The Quest for Community: A Study in the Ethics of Order and Freedom, by Robert Nisbet
Contrary to popular belief in our circles, the reality of political sovereignty in a monopoly State was not always with us. It certainly did not exist in the European Middle Ages; such sovereignty was certainly not invested in the kings of the time.
Whether coincidence or causation (you know my view), the road to sovereignty aligns with the period beginning with the Reformation and Renaissance and reaches maturity with Enlightenment thinking. In this chapter, Nisbet examines three of the important political theorists during this period of transition from decentralized governance to political sovereignty; I will complement Nisbet’s work with relevant excerpts from Jacques Barzun’s magnum opus, From Dawn to Decadence: 1500 to the Present: 500 Years of Western Cultural Life.
The three characters are Jean Bodin, Thomas Hobbes, and Jean-Jacques Rousseau. Each one successively advanced the cause of the destruction of intermediate authorities and advanced the cause of centralization under the sovereign.
Bodin ascribes unconditional power to the sovereign, yet sovereignty remains weak as it is associated strictly with the monarch; Hobbes moves sovereignty from the monarch to the legal State, all customs and traditions having legitimacy only due to the State; Rousseau tears down the intermediate institutions completely, and identifies sovereignty in the will of the people – the General Will.
Jean Bodin (1530–1596) was a French jurist and political philosopher, member of the Parlement of Paris and professor of law in Toulouse. He is best known for his theory of sovereignty; he was also an influential writer on demonology.
Of Bodin it has been well said that he had ceased to be medieval without becoming modern.
Bodin was one of the Politiques, a group of men who were dedicated to action in behalf of the central power at the expense of all other social and moral authorities. This was during the time of the Wars of Religion, it an outgrowth of the Reformation (and it an outgrowth of complaints, both legitimate and otherwise, against the Church).
“Majesty or sovereignty,” he declares, “is the most high, absolute and perpetual power over the subjects and citizens in a Commonweale.”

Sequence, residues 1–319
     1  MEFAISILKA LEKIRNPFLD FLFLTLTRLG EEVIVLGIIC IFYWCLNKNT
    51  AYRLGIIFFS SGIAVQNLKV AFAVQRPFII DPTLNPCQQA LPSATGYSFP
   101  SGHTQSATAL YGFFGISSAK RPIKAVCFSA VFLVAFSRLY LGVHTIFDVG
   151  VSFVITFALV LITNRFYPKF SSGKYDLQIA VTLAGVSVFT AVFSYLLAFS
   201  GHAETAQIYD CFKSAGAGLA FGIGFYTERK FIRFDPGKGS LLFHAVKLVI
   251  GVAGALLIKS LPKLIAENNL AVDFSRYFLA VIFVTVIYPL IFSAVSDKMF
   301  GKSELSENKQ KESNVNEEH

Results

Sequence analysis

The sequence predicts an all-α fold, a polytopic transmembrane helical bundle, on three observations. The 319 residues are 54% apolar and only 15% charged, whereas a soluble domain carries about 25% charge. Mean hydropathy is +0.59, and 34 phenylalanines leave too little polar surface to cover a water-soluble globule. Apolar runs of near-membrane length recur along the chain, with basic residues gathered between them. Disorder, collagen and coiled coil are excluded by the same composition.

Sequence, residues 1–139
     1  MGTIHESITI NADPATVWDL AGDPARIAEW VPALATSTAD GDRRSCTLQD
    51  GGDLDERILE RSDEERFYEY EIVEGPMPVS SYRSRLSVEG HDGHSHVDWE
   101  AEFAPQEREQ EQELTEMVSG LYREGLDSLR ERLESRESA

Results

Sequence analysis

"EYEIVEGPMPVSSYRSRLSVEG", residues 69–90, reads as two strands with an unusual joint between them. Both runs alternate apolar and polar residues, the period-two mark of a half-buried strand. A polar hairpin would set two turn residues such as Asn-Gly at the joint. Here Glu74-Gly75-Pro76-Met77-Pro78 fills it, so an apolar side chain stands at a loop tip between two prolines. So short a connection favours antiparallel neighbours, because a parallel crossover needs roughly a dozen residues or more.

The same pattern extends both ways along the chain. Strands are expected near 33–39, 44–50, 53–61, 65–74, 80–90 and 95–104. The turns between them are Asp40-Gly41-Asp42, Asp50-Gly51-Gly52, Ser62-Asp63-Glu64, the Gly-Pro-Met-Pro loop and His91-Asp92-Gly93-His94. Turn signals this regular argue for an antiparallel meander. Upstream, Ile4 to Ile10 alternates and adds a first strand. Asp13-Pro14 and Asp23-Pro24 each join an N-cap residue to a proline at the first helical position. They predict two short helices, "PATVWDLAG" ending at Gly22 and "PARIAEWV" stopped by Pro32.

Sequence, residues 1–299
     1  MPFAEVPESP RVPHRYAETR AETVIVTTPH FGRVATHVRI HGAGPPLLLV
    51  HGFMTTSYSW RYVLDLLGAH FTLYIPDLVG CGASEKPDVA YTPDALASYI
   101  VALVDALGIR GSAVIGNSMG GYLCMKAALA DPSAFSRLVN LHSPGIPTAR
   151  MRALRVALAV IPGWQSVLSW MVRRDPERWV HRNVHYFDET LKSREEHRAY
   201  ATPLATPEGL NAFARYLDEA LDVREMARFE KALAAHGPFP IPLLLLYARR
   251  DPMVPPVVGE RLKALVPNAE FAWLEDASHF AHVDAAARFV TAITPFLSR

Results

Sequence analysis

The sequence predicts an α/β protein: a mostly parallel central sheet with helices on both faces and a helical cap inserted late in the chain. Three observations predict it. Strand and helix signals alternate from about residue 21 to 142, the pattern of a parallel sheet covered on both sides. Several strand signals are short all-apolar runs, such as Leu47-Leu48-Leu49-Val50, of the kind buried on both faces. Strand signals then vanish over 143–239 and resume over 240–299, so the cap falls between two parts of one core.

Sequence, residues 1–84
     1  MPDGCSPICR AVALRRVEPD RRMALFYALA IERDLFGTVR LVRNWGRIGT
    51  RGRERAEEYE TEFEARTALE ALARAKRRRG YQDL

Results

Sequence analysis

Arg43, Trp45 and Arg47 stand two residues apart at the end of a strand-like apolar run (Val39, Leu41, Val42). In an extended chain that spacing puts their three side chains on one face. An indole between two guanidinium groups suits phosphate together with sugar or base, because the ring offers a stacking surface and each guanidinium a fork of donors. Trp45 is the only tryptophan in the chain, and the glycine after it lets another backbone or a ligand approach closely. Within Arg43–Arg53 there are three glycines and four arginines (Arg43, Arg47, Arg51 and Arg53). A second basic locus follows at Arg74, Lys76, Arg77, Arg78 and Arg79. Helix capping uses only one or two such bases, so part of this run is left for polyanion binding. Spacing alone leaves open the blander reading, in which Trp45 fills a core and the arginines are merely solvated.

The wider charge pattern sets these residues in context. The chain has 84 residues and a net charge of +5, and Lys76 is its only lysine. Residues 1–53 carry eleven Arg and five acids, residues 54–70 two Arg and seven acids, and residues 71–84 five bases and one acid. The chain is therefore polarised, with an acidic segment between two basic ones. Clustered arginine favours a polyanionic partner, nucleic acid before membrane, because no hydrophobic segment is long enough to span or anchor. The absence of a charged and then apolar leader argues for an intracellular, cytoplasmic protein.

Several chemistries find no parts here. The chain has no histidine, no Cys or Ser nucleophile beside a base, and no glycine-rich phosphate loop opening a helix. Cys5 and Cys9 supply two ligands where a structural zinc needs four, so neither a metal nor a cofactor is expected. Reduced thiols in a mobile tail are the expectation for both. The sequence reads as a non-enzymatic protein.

His power was to be inalienable and imprescriptible; it could not be limited by custom; the king was no longer below the law, but above the law; the edict of the sovereign was the law of the land.
For France, Bodin is sure that a division of powers, a so-called mixed government, will not work…. The only check on monarchy that Bodin would retain was the Estates General, the irregularly summoned assembly that voted new taxes… The Estates represented the three orders – clergy, nobles, and commoners….
Bodin could not completely divorce himself from the traditional past. He made a sharp distinction between State and society; he held a devotion to the moral and social qualities of intermediate associations. He does not believe a commonwealth could exist without such intermediate associations. He finds the highest place for family, thus demonstrating his connection to the medieval past.
Bodin will not tolerate the thought that the political sovereign should be supreme over the individual members of the family and over its customs and property.
It was via property that Bodin would make his stand:
If the State were given the power to alienate property, through interference with customs of inheritance, there would be no limit to the State’s capacity for the enslavement of man.
The man’s home was his castle – even extending to the father’s right over life and death of the family members. How this castle was to be defended when man was left nowhere to appeal other than the sovereign is not clear.
Yes, there were logical confusions in Bodin’s thought. Keeping in mind that he was writing in a time of religious wars in France and under the effects of the breakdown in Church authority, this is, perhaps, understandable.
Thomas Hobbes (5 April 1588 – 4 December 1679), in some older texts Thomas Hobbes of Malmesbury, was an English philosopher who is considered one of the founders of modern political philosophy. Hobbes is best known for his 1651 book Leviathan, which established the social contract theory that has served as the foundation for most later Western political philosophy.